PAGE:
Quick facts

Common names: weasel, least weasel, common weasel

Scientific name: Mustela nivalis

Family: Mustelidae

Habitat: woodland, grassland, farmland,

Diet: rodents, rabbits and birds

Predators: foxes and birds of prey

Origin: native

What do weasels look like?

Weasels have chestnut-brown fur with white-cream underparts and a long, slim body that ends in a short tail. These predators are not much bigger than the mice and voles they eat, typically measuring just 20–27cm long. Even the largest male weasel is unlikely to weigh more than 195g, while a small female may be just 50g.

Not to be confused with: the stoat, which is larger and has a longer tail that ends in a bushy black tip. Weasel tails are always wholly brown.

Female weasel on rocks

Blog

Stoat or weasel? How to tell the difference

James Martin  •  01 Feb 2019

Did you see a stoat on your last woodland walk? Or perhaps it was a weasel? Our guide will help you to tell these pint-sized predators apart. We also take a look at some of the other related species found here in the UK.

Read the blog
Weasel close up

Credit: Peter Warne / WTML

What do weasels eat?

Voles and mice are the weasel’s primary prey, with its small size allowing it to follow the rodents into their underground burrows. It can also take larger prey, such as young rabbits, and will readily hunt birds and their eggs too. The weasel has an extremely high metabolism and needs to eat roughly a third of its own body weight daily.

Did you know?

According to rural folklore, some weasels are small enough to squeeze through a wedding ring.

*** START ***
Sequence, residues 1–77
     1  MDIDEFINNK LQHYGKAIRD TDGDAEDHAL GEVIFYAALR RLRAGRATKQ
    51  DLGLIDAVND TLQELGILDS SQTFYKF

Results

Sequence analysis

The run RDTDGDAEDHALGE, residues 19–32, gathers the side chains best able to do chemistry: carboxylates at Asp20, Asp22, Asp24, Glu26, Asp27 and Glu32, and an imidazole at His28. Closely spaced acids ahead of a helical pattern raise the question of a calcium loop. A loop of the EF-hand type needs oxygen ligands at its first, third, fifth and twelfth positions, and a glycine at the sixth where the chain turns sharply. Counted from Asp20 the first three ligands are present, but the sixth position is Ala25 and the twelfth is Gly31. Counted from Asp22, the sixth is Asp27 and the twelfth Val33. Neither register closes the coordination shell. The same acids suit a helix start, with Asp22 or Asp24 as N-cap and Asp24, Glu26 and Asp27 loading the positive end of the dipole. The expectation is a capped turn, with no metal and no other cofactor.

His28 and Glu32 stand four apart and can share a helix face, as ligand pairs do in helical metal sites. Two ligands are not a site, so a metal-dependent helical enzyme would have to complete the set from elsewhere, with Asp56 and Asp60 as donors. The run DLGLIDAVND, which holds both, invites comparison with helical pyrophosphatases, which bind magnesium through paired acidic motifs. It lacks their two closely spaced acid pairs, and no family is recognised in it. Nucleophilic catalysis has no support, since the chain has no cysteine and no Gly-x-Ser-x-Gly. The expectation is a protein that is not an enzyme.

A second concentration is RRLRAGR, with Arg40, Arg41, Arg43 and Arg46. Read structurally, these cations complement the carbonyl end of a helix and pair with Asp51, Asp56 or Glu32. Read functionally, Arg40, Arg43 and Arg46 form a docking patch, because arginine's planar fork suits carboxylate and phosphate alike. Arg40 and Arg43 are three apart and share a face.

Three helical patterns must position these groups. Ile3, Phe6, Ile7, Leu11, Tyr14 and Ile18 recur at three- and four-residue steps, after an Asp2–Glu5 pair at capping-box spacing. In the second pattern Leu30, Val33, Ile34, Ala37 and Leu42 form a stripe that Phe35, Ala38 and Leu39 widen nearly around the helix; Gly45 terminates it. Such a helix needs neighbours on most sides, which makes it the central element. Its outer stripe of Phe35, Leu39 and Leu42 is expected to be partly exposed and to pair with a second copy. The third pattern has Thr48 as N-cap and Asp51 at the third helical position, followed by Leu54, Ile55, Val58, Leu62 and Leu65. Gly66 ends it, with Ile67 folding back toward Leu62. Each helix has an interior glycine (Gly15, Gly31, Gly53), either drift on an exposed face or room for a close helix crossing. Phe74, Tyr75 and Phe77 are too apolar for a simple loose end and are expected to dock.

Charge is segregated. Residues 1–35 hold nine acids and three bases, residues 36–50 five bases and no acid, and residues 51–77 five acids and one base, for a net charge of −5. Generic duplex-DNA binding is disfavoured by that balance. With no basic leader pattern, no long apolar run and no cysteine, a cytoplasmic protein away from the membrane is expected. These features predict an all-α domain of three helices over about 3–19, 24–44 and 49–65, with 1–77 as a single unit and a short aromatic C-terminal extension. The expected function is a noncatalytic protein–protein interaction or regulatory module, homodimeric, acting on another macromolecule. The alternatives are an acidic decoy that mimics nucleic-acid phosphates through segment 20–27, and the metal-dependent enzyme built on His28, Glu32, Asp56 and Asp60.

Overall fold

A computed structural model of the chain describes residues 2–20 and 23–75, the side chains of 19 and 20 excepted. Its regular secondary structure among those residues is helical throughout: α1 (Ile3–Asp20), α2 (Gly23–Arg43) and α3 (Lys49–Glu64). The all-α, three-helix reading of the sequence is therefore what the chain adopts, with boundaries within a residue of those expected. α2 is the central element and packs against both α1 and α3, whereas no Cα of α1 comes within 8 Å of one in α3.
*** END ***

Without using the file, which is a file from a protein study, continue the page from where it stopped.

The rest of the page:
How do weasels breed?

Weasels are solitary and only come together to mate. A litter of around four to six young, known as kits, will be born between April and August. The young are normally raised in a nest or den taken over from the weasel’s rodent prey.

Weaning occurs after three to four weeks and the kits are independent in two to three months.

Weasel full body shot

Credit: Anne Marie Kalus / WTML

Where do weasels live?

Weasels are found throughout Britain, but are absent from Ireland. They can survive in most habitats provided there is plenty of prey to eat and cover to provide shelter from larger predators. Weasels rarely spend long in the open and most of their time is taken up with hunting under the cover of long grass and other vegetation. They will also make use of linear features such as hedgerows and drystone walls to move around their territory.

Did you know?

The weasel is the smallest member of the order Carnivora, which also includes cats, dogs and bears. The largest member, the polar bear, can weigh more than 5,000 weasels combined!

Signs and spotting tips

A combination of their small size and habit of sticking to cover means weasels are rarely seen. Most sightings are simply chance encounters. Keep your eyes peeled on your next woodland walk and you may be lucky enough to see one dart across your path in search of its next meal.

Threats and conservation

Weasels are widespread and thought to be common, but there is a lack of reliable evidence on their numbers. The loss of hedgerows across the UK is one factor that could have a negative impact on the species.